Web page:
Liaoyuan

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Liaoyuan
辽源市
Prefecture-level city
Liaoyuan.jpg
Nickname(s): 大疙瘩 ("Great lump")
Liaoyuan (red) in Jilin (orange)
Liaoyuan (red) in Jilin (orange)
Liaoyuan is located in Jilin
Liaoyuan
Liaoyuan
Location of city centre in Jilin
Coordinates: 42°53′N 125°09′E / 42.883°N 125.150°E / 42.883; 125.150Coordinates: 42°53′N 125°09′E / 42.883°N 125.150°E / 42.883; 125.150
Country People's Republic of China
County-level divisions 4
Incorporated (county) August 4, 1902
Incorporated (County-level city) October 15, 1948
Incorporated (Prefecture-level city) October 3, 1983
Government
 • Type Prefecture-level city
 • CPC Liaoyuan Secretary Wu Lan
 • Mayor Jin Yuhui
Area
 • Prefecture-level city 5,125 km2 (1,979 sq mi)
 • Urban 429 km2 (166 sq mi)
Elevation 260 m (850 ft)
Population (2010)[1]
 • Prefecture-level city 1,176,645
 • Density 230/km2 (590/sq mi)
 • Urban 462,233
 • Urban density 1,100/km2 (2,800/sq mi)
Time zone China Standard (UTC+8)
Postal code 136200
Area code(s) 0437
License Plate Prefix 吉D
ISO 3166-2 cn-22-04

Liaoyuan (simplified Chinese: 辽源; traditional Chinese: 遼源; pinyin: Liáoyuán) is a prefecture-level city in the west of Jilin province, People's Republic of China, bounded on the west by Liaoning. Liaoyuan lies some 100 km (62 mi) southeast of Changchun, the provincial capital. Covering an area of 5,125 km2 (1,979 sq mi), Liaoyuan is the smallest among the prefecture-level divisions of Jilin. Liaoyuan has a toal population of 1,176,645, while the built up area has a population of 462,233.[1]

History[edit]

Liaoyuan was an imperial hunting ground during the Qing Dynasty, going by the name Shengjing Paddock (盛京圍場). In 1902, Qing government established Xian County (西安縣) in this region, which became today's Xi'an District (Sian on one 1945 map). However, this name is a duplicate of the much larger Xi'an in Shaanxi. It was renamed Liaoyuan in 1952, since Eastern Liao River originates in this region. From 1949 to 1954 it was part of Liaodong Province. After 1954, Liaoyuan was put under Siping Prefecture's jurisdiction. Liaoyuan became a prefecture-level in 1983, administerring two districts and two counties.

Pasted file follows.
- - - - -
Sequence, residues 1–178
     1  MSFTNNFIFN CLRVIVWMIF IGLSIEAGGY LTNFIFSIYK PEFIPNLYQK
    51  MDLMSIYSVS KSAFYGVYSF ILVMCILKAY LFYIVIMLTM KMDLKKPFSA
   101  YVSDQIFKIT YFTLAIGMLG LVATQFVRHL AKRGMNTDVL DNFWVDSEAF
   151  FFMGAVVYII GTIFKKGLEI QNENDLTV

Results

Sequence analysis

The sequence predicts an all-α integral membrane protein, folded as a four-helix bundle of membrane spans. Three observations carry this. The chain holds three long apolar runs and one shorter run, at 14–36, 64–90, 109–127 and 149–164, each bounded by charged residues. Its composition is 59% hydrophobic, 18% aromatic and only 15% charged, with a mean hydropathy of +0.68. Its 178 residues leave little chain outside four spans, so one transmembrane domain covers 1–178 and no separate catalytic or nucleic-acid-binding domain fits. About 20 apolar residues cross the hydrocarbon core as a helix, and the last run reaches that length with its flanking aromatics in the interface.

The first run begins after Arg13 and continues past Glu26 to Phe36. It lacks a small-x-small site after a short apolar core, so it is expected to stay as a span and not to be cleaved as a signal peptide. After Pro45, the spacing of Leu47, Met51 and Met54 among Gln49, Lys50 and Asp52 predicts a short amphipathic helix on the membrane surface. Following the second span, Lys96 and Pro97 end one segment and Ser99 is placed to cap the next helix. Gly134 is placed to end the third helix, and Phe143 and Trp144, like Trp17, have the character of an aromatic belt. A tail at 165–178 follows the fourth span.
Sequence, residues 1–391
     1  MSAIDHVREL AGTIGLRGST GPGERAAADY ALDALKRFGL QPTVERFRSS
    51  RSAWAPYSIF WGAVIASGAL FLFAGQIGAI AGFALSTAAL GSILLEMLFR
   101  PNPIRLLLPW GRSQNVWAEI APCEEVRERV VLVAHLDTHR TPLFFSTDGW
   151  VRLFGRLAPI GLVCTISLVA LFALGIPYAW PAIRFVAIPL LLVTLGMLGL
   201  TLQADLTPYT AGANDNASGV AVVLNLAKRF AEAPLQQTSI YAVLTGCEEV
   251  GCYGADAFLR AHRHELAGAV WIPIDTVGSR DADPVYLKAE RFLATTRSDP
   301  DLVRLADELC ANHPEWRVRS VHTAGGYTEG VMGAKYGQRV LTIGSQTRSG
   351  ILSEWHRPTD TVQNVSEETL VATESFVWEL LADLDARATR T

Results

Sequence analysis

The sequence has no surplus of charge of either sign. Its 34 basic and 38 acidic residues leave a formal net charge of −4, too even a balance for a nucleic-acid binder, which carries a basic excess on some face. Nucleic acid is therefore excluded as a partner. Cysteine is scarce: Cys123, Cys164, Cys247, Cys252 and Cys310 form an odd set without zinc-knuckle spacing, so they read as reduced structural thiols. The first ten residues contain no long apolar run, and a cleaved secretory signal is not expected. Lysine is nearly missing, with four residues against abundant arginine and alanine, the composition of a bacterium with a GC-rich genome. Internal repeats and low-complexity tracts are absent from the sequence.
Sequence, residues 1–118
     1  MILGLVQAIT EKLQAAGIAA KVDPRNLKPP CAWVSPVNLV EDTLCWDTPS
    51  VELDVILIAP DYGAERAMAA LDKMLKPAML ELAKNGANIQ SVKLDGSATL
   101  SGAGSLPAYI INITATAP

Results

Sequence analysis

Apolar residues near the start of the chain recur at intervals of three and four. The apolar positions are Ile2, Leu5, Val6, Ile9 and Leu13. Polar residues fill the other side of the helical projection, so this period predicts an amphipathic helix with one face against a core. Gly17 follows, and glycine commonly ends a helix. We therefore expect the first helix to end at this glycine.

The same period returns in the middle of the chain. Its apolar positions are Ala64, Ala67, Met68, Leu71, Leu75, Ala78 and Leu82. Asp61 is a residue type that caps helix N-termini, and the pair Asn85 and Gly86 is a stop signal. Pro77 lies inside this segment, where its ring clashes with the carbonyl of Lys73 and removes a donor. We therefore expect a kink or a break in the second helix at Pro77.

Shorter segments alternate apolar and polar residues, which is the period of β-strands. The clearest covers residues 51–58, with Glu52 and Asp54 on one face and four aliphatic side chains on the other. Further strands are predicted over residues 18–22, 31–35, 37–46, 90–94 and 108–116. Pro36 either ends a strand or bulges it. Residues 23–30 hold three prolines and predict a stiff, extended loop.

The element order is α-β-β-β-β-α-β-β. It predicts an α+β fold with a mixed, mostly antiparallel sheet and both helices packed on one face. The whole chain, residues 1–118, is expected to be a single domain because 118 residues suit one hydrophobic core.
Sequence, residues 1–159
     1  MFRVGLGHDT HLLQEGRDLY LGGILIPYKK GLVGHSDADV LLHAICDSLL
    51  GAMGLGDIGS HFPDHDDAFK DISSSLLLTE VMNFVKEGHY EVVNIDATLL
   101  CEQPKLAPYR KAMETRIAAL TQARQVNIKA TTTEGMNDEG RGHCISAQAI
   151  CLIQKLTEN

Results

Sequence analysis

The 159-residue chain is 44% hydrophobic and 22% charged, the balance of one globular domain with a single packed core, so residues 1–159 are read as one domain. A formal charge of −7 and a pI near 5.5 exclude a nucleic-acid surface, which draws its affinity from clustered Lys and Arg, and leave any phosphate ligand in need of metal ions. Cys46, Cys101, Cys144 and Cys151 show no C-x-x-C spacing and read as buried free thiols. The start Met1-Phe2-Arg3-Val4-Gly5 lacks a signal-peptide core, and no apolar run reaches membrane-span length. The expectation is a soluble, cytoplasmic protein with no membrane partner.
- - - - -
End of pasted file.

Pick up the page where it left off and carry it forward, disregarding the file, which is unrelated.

Geography[edit]

Liaoyuan has a temperate semi-humid monsoon climate. The average annual sunshine totals 2,580 hours., while the average annual precipitation reaches 750 mm. The average temperature is 4.5 °C. Liaoyuan is replete with water resources. There are 56 rivers and streams running through the city, including tributes of Liao River and Songhua River. In addition, Liaoyuan is also rich in timber and mineral resources. Mineral resources such as limestone, marble, coal, silica, and wollastonite are abundant. Forests cover 42% of the city's lands.

Administrative divisions[edit]

Map
Liaoyuan mcp.png
# Name Hanzi Hanyu Pinyin Population (2010 est.) Area (km²) Density (/km²)
1 Longshan District 龙山区 Lóngshān Qū 283,045 257 1,089
2 Xi'an District 西安区 Xī'ān Qū 179,188 172 988
3 Dongfeng County 东丰县 Dōngfēng Xiàn 408,679 2,522 163
4 Dongliao County 东辽县 Dōngliáo Xiàn 396,121 2,174 179

Economy[edit]

Coal mining used to contribute an important part to the local economy. Coal has been excavated almost for 100 years in Liaoyuan. During Japanese occupation from 1931 to 1945, Liaoyuan was the second largest coal-mining center of Manchukuo, preceded only by Fushun. This city continued to produce approximately 3 million tons of coal every year till the mid 1990s, when the exhaustion of coal resource brought the economy of this city to a standstill. Fortunately, the city succeeded in transforming its economic structure from a mining oriented one to a light manufacturing oriented one. At present, the city is the largest cotton-sock manufacturing center in China. Furthermore, the aluminum shell of Apple Macbook Pro is also manufactured in this city. Liaoyuan has a GDP of RMB 50 billion in 2011, rising 15.6% year on year.[2]

Transportation[edit]

The Changchun-Yingchengzi Expressway and the Siping-Meihekou Railway run through the city. Changchun Airport is within one and a half-hour's drive from Liaoyuan.

Tourism[edit]

Guandong deer meat is one of the popular dishes among local people since Liaoyuan has a long history of raising deer.

Notable people[edit]

Accident[edit]

On December 16, 2005, a fire in Liaoyuan Central Hospital killed at least 39 people, 33 of whom were patients. The cause of the fire was wire-aging, as reported by local media.(BBC)

Twin towns[edit]

References[edit]

External links[edit]